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No Criminal Charges After Inmate Was Boiled to Death in Florida Prison

There was no question that Darren Rainey died in the showers of the Dade Correctional Institution in 2012. What was unanswered was whether the officers who locked Rainey for two hours in showers that could run as hot at 160 degrees were criminally liable for his death.

That answer came last month, when the state attorney for Miami-Dade County released an "In Custody Death Investigation Close-Out Memo" that attributed Rainey's death to schizophrenia, heart disease, and "confinement inside the shower room." Yet the state attorney declined to press criminal charges against the officers or the prison, saying instead that "the evidence does not show that Rainey's well-being was grossly disregarded by the correctional staff."

Deadly Disregard

The details of Rainey's death are as grisly as they are tragic. Rainey, schizophrenic and heavily medicated, was a resident of Dade's "Temporary Transitional Unit" which houses mentally disabled inmates. According to the report, corrections officers Roland Clarke and Cornelius Thompson took Rainey to the showers after he defecated in his cell and smearing the feces on himself and the cell.

Determining what exactly happened from there depends on whom you believe. Harold Hempstead, an inmate whose cell was below the shower, said he heard much of the incident, including Rainey screaming, "I can't take it anymore!" Another inmate said he heard guards sarcastically ask Rainey "Is it hot enough?" Rainey allegedly screamed, kicked the door, and begged to be let out, before he was found unresponsive almost two hours after he was locked in.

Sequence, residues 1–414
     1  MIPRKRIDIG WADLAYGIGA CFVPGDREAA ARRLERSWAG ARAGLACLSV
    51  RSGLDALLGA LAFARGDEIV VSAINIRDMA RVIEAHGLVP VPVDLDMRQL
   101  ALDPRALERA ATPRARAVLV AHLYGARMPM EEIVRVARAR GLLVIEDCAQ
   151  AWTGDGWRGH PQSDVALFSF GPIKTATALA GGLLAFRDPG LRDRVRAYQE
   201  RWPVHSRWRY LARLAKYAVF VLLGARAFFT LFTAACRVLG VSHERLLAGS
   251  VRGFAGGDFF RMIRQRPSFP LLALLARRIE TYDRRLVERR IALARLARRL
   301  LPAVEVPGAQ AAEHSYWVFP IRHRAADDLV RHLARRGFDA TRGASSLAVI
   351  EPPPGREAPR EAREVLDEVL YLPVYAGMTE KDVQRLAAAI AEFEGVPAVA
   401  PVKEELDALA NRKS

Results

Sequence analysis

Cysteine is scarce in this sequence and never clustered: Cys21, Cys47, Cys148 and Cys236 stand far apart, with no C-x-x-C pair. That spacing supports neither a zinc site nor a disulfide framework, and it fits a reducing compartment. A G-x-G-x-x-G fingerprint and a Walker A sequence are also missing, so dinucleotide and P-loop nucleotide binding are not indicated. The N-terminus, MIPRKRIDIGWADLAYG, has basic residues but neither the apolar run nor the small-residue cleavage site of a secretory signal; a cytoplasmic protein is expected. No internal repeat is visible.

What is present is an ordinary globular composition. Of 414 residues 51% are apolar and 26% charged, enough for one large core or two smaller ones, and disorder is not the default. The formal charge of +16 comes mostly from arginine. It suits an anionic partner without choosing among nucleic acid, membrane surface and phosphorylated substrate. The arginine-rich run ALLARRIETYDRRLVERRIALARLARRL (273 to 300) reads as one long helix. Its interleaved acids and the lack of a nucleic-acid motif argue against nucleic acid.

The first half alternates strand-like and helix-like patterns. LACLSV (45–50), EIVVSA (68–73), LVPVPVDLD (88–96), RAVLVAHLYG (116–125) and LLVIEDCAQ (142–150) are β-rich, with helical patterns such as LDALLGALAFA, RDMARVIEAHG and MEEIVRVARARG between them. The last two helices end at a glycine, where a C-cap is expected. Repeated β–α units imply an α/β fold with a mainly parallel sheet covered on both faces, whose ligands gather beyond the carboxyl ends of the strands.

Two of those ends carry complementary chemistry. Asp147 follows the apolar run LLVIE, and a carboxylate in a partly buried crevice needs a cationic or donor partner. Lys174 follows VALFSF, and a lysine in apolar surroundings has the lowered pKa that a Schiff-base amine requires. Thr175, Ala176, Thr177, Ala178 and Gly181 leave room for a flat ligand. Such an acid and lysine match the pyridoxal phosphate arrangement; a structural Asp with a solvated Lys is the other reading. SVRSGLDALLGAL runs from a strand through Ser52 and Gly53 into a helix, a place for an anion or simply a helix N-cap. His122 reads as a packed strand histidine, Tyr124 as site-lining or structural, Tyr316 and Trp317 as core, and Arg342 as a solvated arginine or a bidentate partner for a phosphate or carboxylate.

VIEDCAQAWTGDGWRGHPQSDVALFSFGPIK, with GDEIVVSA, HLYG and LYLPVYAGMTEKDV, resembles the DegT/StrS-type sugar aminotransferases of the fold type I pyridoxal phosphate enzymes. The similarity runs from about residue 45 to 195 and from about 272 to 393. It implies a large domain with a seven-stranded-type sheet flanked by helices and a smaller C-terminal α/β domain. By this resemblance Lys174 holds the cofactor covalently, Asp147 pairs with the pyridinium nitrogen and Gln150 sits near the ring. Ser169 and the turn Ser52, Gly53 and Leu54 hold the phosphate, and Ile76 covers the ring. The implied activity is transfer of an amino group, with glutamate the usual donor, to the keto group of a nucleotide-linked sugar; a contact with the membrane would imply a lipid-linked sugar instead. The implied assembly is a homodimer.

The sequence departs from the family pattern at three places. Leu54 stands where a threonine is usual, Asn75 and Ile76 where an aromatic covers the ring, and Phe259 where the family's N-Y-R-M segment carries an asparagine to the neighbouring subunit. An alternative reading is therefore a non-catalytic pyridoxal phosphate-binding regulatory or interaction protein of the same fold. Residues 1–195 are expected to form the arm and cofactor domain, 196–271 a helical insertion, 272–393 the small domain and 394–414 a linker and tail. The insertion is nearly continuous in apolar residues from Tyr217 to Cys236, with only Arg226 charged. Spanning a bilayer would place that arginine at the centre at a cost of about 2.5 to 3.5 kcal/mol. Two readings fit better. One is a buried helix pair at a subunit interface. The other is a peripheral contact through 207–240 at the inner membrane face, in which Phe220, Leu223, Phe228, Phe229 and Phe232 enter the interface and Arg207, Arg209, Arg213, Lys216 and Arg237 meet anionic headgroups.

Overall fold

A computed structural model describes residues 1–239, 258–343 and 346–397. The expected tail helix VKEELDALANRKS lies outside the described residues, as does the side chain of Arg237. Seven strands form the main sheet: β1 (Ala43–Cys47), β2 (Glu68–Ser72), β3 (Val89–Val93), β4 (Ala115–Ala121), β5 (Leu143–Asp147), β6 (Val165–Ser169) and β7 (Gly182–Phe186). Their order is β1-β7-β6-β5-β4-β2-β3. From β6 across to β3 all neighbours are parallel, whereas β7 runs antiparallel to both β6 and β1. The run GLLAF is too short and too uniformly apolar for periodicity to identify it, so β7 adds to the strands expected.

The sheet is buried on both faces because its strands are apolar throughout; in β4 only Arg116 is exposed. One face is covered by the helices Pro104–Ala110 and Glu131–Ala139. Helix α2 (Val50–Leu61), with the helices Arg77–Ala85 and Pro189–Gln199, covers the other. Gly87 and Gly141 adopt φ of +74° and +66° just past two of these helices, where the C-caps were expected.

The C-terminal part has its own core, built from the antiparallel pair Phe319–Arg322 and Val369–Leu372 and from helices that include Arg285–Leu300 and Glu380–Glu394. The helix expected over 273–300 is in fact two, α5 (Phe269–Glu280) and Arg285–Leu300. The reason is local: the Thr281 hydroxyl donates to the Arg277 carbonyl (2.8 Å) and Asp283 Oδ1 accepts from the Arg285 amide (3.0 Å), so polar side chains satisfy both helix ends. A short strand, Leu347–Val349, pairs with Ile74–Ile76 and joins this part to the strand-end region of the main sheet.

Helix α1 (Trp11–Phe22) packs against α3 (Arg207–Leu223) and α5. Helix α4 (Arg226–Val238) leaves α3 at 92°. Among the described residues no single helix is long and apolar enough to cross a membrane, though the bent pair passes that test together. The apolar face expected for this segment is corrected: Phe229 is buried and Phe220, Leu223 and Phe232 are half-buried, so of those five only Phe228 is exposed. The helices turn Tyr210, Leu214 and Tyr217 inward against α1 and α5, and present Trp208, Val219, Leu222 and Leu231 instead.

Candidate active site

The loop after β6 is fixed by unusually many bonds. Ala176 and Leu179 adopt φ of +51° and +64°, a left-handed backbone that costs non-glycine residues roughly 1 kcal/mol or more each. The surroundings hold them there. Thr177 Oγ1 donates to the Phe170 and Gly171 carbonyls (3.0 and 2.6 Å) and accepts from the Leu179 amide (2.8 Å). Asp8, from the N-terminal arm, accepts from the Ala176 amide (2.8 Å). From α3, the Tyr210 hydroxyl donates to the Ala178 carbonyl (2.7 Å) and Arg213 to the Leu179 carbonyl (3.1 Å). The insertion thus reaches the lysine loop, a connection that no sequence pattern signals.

A later investigation found that the water temperature, which could only be controlled from a closet outside the showers, could reach as high as 160 degrees. Mark Joiner, another former inmate at Dade, said guards ordered him to clean pieces of skin that had peeled off Rainey's body from the shower floor. And nurses allegedly said Rainey's body "was covered in burns so severe that his skin came off at the touch," according to the New Yorker.

Charging Accounts

The Close-Out Memo, on the other hand gave the benefit of the doubt to Thompson and Clarke, who told detectives he made sure the water wasn't too hot. And although a preliminary medical report detailed "visible trauma ... throughout the decedents' body," the final autopsy, not completed until 2016 and yet to be released found no trauma and "no thermal injuries (burns) of any kind on his body."

In the end, the state attorney cited a lack of sufficient and consistent evidence in deciding not to criminally charge any of the officers involved in Rainey's death.

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